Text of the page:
How to stay productive in unstructured times

In case you read this article at a later point in time, it was written during the Corona-Lockdown.

Many people have unstructured time right now due to their workplaces being shut down or in case of remote work the removal of commute time and other time-draining things. Also, the time can only be used for a limited set of things since leisure activities are currently severely limited. The following is not a holistic essay on productivity but just focused on five quick tips that help me to be very productive in this unstructured time.

Build your own routine

One of the biggest benefactors of productivity is a rigid routine. Most accomplished people who get a lot done follow their own kind of work routine. Famous authors often have their own way of getting into the writing flow early in the morning or late at night. Many of them get the most writing done at the same hours every single day and know what to do to get into the zone. Similarly, your body tends to get hungry at the same time every day, if you are not always hungry like me. You can condition yourself to be hungry at a certain time and you can condition yourself to be productive as well.

If you simply get up every day without any plan and without any structure, you will find yourself procrastinating and not in a good way (For reference, the good kind of procrastination). Try to get into some kind of rhythm, maybe create a morning routine and a routine to start your work. I personally always write down the tasks for the day and prioritize them before I start working on them. Currently, I try to start with the most important task to get it out of the way as quickly as possible. However, I have also successfully started with smaller tasks in the past to get a couple of things out of the way in the beginning and get into a productive mood. This probably depends on your preference. The most important thing is that you actually start! Starting is half the equation for getting into a productive flow.

Have Clear Goals or systems

You should know what you want to focus on. It is difficult to be productive if you do not have habits you want to follow or projects you want to work on. If you do not yet know, take time to figure that out first. It can be lots of fun to explore potential projects or topics you want to learn. Once you have a clear idea of the habits you want to follow every day and the projects you want to work on, it becomes much easier to actually work on them and track whether you succeed or not. I suggest using a habit tracker like Way of Life to get a clear idea of what is working well and what has to be improved.

Create a productive environment

Many people are not used to getting their work done at home. There are significantly more potential distractions and often there is no optimized work setup. If that is the case for you, try to remove the distractions if possible and start optimizing your work setup. It is helpful to have one dedicated room or desk in your home that is optimized for productivity. Also, now is probably a good time to get that second screen or external keyboard you wanted to buy for some time. Your work environment correlates strongly with how productive you are. By work environment, I am not only referring to your physical environment but also to your digital environment. Deactivate most of the notifications on your phone, you should do that anyway to keep a calm mind. Additionally, install a productivity tool like Motion to refrain from spending time on distracting websites while you are working. A last thing to note is that usually, a clean room will help your focus and you taking care of yourself and maybe even dressing up for work is shown to have significant productivity and mood benefits for many people. All of this the above will make your life much easier since you need less willpower to stick to your tasks and can get into the flow more effectively.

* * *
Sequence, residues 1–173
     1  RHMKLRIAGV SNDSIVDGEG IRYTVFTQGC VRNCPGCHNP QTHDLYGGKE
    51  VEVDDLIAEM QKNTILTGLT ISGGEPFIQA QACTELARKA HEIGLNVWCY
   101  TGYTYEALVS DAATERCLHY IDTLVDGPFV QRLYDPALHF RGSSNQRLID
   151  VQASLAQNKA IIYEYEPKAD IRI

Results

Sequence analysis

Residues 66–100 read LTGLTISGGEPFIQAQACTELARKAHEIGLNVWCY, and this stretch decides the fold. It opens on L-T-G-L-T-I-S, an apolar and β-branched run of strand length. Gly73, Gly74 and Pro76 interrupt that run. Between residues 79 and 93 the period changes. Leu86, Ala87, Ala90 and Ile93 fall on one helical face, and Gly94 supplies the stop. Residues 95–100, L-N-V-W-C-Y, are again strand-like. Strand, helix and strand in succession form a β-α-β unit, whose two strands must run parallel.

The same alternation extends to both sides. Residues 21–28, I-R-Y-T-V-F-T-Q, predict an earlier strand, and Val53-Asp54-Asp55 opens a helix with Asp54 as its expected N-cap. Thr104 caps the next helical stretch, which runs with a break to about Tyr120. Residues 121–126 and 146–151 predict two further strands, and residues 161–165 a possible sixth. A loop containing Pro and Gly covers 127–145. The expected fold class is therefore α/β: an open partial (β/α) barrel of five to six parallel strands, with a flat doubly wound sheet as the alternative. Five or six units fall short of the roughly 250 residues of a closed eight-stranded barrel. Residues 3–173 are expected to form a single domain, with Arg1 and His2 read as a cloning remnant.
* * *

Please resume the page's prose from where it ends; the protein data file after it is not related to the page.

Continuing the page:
Rebounding

Not every day will be perfect and that is fine. In my own experience, the most important day after failing to do a daily habit on one day or after having a generally unproductive day is to use all the possible force that you have to rebound the very next day. If you do not follow a habit for two days in a row, the chance of the break becoming much longer rises exponentially. Getting back into your productive rhythm as quickly as possible is important so that you do not get used to living your day without the habit since per definition habits are something you do almost automatically. It is fine to cut habits out of your routine regularly if you don't want or need them anymore. However, this should be an active and not a passive decision.

Accountability Partners

Get yourself a good friend or family member that has the same or a similar goal/habit and hold each other accountable. It is way more fun to go through an online course together or to know that your friend is also dieting right now. I currently have accountability partners for meditation, diet and for an online course I am taking. I am progressing at a faster pace since we can share tips and tricks and also the probability of me not following through is much lower since I do not want to be the one who does not keep up the promise. If you do not have anyone in your close circle who is a good fit, you can also try to find an accountability group online or approach someone in your broader network who is interested in the same activity.

Ultimately, every productivity routine is a bit different. It depends on your environment, resources and personality. However, if you feel that you are not as productive as you want to be, try to use the tactics above to improve your routine and get back on track.